Bloggers discuss a possibly nixed probe into the legality of rubber-stamped domestic NSA surveillance. They also wince at newly released photographs from Abu Ghraib and fume about an incipient smoking ban in the United Kingdom.
Potomac tap dance: Charles Babington of the Washington Post ran a story today showing how, due to the vacillation of certain Republican senators, particularly Olympia Snowe of Maine, a scheduled congressional inquiry into the constitutionality of warrantless NSA wiretaps might be abandoned. Bloggers take up the struggle where the Capitol leaves off.
Conservative Daily Pundit adjudges the White House pressure to halt the inquiry as self-defeating: "This move on Congress' part to 'back away' from hearings is being pushed as a big victory for the President. In fact, it is a defeat, because in its zeal to avoid a confrontation over hearings, the White House has virtually ceded Congress the right to tell the President how to carry out the war powers granted him as Commander In Chief."
Fellow righty Maryland Conservartarian performs an exegesis on the Post's citations and all but wonders where the retina scans come in: "Mr. Babbington explains, without the slightest hint of irony, that the 'top Senate Republican aide' and 'several others' spoke only on background 'because of the classified nature of the intelligence committees' work,' [which] didn't prevent them from speaking, they just didn't want anyone to know it was them. Is it any wonder that the Administration is reluctant to expand their ongoing Congressional briefings on this matter?"
Quoting whole cloth from the Post piece, Fred W at Mad as Hell—a blog devoted to the impeachment of the president—nonetheless cites media inattention as part of his list of indictments: "Another scandal, another whitewash, and our national media have ADD. Political arm-twisting by Rove and company is having its desired effect. Time for the Dems to turn up the heat." Joe at the left-wing AMERICAblog has tapped into a new CNN/USA Today/Gallup plebiscite, which has 49 percent of those polled maintaining that the president "definitely" or "probably" broke the law in this extension of executive "privilege": "Not good numbers for the Commander-in-Chief -especially since the GOP is going to make the domestic spying scandal one of their top political issues this year…The White House staffers know Bush broke the law, that's why they don't want Congress to look in to the issue. Seems like the American people get that too."
Read more about the Congressional climb-down on NSA spying.
More from Abu Ghraib: "The photos America doesn't want seen" is how the Sydney Morning Herald headlined its announcement that Australia's Dateline program will be broadcasting hitherto undisclosed images of the torture of inmates at Abu Ghraib prison in 2003. (The Herald also reproduces the photos on its Web site.) Bloggers are expounding on further evidence of sadism in Iraq, and also on the relevance of publicizing it so soon after the firestorm of Mohammed caricatures.
Andrew Sullivan, who has written extensively on the moral sordidness of both torture and the administration's complicity in it, is aghast but offers a timely challenge to free-speech advocates just coming off the Danish cartoon row: "Here's a new and good test for those who have defended freedom of the press in the West against Muslim sensitivities. Now that some extra Abu Ghraib pictures have been released, will they publish them? Or will that offend too many Bush supporters?"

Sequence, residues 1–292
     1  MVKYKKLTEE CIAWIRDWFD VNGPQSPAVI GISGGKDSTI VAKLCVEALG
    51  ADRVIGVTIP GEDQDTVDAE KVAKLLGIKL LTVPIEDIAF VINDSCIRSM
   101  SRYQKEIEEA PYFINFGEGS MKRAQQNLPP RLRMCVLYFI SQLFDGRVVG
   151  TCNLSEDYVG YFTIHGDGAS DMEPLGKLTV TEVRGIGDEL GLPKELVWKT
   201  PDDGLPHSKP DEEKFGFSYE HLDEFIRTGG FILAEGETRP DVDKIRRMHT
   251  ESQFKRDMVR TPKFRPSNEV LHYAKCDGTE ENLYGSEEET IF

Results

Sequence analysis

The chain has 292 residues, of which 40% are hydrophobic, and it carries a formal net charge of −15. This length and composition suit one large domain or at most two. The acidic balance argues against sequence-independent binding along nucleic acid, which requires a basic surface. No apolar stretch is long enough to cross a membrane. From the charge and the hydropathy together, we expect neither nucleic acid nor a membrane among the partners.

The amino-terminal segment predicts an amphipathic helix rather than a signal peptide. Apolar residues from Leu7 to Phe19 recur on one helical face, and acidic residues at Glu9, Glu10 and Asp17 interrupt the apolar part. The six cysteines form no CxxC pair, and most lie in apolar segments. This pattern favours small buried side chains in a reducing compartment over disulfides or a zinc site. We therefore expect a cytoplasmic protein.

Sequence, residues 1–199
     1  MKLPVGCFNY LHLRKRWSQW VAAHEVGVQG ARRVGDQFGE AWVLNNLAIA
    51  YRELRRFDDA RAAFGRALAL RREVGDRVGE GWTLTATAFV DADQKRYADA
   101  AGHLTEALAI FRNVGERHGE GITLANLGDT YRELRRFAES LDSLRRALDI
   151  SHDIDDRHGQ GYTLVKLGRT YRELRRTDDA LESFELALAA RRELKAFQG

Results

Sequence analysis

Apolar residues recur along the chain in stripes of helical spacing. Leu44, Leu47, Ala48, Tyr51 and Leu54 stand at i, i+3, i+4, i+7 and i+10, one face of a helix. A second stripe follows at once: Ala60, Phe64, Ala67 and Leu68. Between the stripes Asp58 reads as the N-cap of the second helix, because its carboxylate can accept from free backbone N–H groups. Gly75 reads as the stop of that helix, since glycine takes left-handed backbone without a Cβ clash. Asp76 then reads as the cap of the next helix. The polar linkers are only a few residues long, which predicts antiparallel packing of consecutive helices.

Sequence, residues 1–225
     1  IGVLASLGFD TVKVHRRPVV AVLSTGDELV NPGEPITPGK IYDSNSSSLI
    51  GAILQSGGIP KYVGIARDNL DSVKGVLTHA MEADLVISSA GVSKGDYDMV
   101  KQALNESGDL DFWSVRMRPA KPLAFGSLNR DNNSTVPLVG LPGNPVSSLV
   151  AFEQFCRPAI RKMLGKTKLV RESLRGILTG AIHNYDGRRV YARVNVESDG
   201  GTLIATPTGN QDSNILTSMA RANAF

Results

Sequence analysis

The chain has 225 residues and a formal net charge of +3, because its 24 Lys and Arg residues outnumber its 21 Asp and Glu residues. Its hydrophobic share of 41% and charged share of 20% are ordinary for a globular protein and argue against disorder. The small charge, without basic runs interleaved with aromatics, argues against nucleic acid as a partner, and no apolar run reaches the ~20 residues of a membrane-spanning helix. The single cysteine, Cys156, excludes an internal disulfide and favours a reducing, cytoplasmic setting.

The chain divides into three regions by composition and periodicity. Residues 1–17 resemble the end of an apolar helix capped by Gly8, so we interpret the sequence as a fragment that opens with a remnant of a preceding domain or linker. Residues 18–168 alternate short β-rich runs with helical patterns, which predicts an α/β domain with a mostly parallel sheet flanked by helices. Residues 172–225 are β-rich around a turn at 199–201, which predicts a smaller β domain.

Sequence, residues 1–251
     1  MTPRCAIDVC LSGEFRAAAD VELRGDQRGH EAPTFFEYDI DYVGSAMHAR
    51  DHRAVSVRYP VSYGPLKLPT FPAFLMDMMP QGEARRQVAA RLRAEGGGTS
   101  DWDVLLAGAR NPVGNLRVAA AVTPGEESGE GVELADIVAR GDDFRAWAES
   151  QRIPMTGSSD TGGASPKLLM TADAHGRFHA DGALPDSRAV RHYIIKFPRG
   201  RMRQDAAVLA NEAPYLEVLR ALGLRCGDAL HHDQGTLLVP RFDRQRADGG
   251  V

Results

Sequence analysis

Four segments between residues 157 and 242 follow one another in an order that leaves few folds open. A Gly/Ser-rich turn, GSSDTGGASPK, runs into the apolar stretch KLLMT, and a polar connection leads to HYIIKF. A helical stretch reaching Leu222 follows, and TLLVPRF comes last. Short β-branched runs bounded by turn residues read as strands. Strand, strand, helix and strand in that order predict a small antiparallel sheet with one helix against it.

To which conservative Sistah Toldjah might have tailored this riposte in the incipient debate over Voltairean double standards: "Keep in mind that the people involved in the abuse that took place at Abu Ghraib at that time are being punished accordingly - this story is not new news, outside of showing 'new' photos of the same abuse we saw when this story first broke last year. So why the need to pile on?"
Liberal Jude at the Madison-based co-blog Punch and Jude comments, "The slideshow is just fucking awful, so don't click through if you're eating anything… Christ. This was done in my name, with my tax money. And probably yours, too. Unless you're one of our international readers."
Snuffed out: Britian's Parliament voted overwhelmingly yesterday to authorize a ban on smoking in "all enclosed public spaces," exempting prisons and, oddly enough, hospitals. A fine of £2,500 will be levied against those caught breaking this new law, which, unsurprisingly, has many of our carcinogenic cousins thundering with righteous indignation this afternoon.
One might think that with a Live Journal titled Politics. Culture. Beer.,Essexman "funnynamehere" would have a more plangent reaction to the smoking ban, but such is not the case: "The libertarian in me resents the loss of individual choice and government intervention in how people live their lives but, really, I just don't care."
Yet self-described "Grumpy Old Git" Cornell Finch is only going to tell you once: "I'm in the 'get your fucking mitts off telling me where I can and can't smoke' brigade. Partially. Yes, I agree with the ban on restaurants. Show me a restaurant (even now) where you can smoke while sat at your table. No restaurants down here will allow it. But pubs and private members clubs? No."
BondBloke at Thoughts of BondBloke is in favor of the ciggy kybosh, and he is having none of it from smokers worried about their civil liberties: "Well that is rich coming from a minority of people who are hell bent on polluting the atmosphere and endangering the health of all that they come into contact with (that they are endangering their own health is a matter for their own conscience); the question I have is, what about the civil liberties of all of us non-smokers?"
Read more about the U.K. smoking ban.